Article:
[As regular readers are aware, I’ve started writing a monthly column for the publication of The American College of Emergency Physicians (ACEP NOW). Here is my second one. The topic is a familiar one for long-time readers, whole life insurance. Guess what? It’s still a lousy investment.]
My financial adviser thinks I should diversify my portfolio by adding whole-life insurance (WL) as an additional asset class. Do you think this would be a good move?
Answer: WL is difficult to sell. It is expensive and complicated and possesses a terrible reputation. It is rarely recommended except by those who benefit from its sale. Recognizing this, insurance companies offer substantial commissions to those who are able to successfully sell it. The typical commission for WL ranges from 50–110 percent of the first year’s premium. That means if you buy a WL policy with a premium of $30,000 per year, your “adviser” will receive a commission in the neighborhood of $15,000–$33,000. Given that insurance agents have a median income of $47,000 per year, that monstrous commission becomes an incredible conflict of interest.
Commissioned salespeople generally make for poor financial advisers. The worse the financial product, the higher the commission a company must offer in order to get it sold. The higher the commission, the more likely the salesperson is to recommend it to you. Even highly ethical people will struggle with this insanely huge financial conflict of interest. It kind of makes those pens and sandwiches that drug reps used to bring to the ED look pretty silly, no?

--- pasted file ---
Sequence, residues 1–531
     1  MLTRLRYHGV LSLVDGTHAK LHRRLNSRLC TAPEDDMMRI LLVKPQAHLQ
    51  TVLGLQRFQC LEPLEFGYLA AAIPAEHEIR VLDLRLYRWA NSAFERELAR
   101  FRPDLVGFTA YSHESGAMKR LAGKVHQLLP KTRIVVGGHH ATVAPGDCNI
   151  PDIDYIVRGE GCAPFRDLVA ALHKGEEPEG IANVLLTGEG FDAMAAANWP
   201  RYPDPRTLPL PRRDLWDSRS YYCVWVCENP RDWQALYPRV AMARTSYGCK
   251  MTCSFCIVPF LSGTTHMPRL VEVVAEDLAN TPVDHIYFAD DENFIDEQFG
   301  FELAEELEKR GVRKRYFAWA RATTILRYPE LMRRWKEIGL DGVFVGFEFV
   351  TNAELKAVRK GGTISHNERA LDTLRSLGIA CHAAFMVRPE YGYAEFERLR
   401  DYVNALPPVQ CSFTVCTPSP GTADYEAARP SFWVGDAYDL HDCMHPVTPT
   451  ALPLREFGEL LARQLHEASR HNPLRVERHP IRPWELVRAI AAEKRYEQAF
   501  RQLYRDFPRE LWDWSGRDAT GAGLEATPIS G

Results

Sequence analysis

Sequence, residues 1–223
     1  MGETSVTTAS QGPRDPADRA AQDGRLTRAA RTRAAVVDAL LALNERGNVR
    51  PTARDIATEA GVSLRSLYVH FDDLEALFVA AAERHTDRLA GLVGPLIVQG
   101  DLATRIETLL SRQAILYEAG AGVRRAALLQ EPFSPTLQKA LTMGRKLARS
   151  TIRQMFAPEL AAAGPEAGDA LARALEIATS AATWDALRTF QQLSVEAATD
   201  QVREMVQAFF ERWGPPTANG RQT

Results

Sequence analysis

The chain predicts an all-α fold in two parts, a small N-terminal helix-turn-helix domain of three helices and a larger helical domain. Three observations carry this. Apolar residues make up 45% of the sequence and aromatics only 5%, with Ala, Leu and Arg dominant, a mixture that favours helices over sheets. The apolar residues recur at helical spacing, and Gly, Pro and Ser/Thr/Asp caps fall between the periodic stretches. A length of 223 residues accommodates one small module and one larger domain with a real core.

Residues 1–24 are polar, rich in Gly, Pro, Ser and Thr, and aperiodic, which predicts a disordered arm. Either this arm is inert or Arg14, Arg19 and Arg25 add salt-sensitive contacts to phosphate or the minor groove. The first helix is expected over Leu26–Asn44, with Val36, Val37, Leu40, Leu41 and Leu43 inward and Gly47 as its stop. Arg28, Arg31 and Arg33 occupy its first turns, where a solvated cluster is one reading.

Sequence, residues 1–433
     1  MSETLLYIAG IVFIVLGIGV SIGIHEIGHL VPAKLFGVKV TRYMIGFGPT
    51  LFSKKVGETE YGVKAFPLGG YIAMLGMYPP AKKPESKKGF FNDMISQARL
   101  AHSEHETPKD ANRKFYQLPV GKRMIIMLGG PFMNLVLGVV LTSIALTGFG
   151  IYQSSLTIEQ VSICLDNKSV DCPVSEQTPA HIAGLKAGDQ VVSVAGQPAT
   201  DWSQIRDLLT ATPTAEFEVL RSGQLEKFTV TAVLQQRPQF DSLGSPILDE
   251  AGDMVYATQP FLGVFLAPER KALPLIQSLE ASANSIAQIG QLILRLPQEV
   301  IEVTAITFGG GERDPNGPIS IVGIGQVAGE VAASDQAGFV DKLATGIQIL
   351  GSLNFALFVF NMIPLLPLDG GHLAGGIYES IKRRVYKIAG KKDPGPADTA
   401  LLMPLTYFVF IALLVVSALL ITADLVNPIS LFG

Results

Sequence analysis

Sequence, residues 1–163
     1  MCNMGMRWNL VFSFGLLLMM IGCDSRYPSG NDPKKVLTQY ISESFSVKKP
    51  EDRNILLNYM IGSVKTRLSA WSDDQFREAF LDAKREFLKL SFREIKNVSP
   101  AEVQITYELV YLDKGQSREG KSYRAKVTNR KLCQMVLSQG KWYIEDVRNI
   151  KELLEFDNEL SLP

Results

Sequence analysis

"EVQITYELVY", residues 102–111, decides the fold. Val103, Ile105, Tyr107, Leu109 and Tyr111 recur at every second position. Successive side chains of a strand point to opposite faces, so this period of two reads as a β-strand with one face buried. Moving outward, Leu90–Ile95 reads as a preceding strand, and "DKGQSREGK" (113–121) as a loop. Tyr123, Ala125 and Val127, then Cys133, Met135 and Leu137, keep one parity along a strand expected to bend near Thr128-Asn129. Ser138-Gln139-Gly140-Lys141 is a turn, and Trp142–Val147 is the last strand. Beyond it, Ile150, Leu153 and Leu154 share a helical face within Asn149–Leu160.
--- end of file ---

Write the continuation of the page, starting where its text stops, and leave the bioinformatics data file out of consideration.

If you need financial planning advice, I suggest you pay for it with a straightforward hourly or flat fee. If you need asset-management services, I suggest you pay for it with a flat annual retainer or at least a reasonable fee based on assets under management. Using a commissioned “adviser” may seem like it saves you some money, but there is no price too low for bad financial advice.
It is best to evaluate any financial product on its own merits rather than on the sliminess of its industry.
All that said, it is best to evaluate any financial product on its own merits rather than on the sliminess of its industry. WL does have significant upsides. It provides a lifelong, generally increasing death benefit. The life insurance aspect is paired with a savings account that grows slowly each year with dividends from the insurance company. In many states, the cash value enjoys significant asset protection from creditors. It can be useful in some unique estate- and business-planning transactions. You can also borrow money tax-free, but not interest-free, from the policy to purchase expensive stuff or to spend in retirement. Upon death of the insured, any loans not paid off are assessed against the death benefit and the remainder is paid out to heirs. These unique aspects cause commission-hungry insurance agents to recommend WL as an additional retirement account or even as a unique asset class for your portfolio.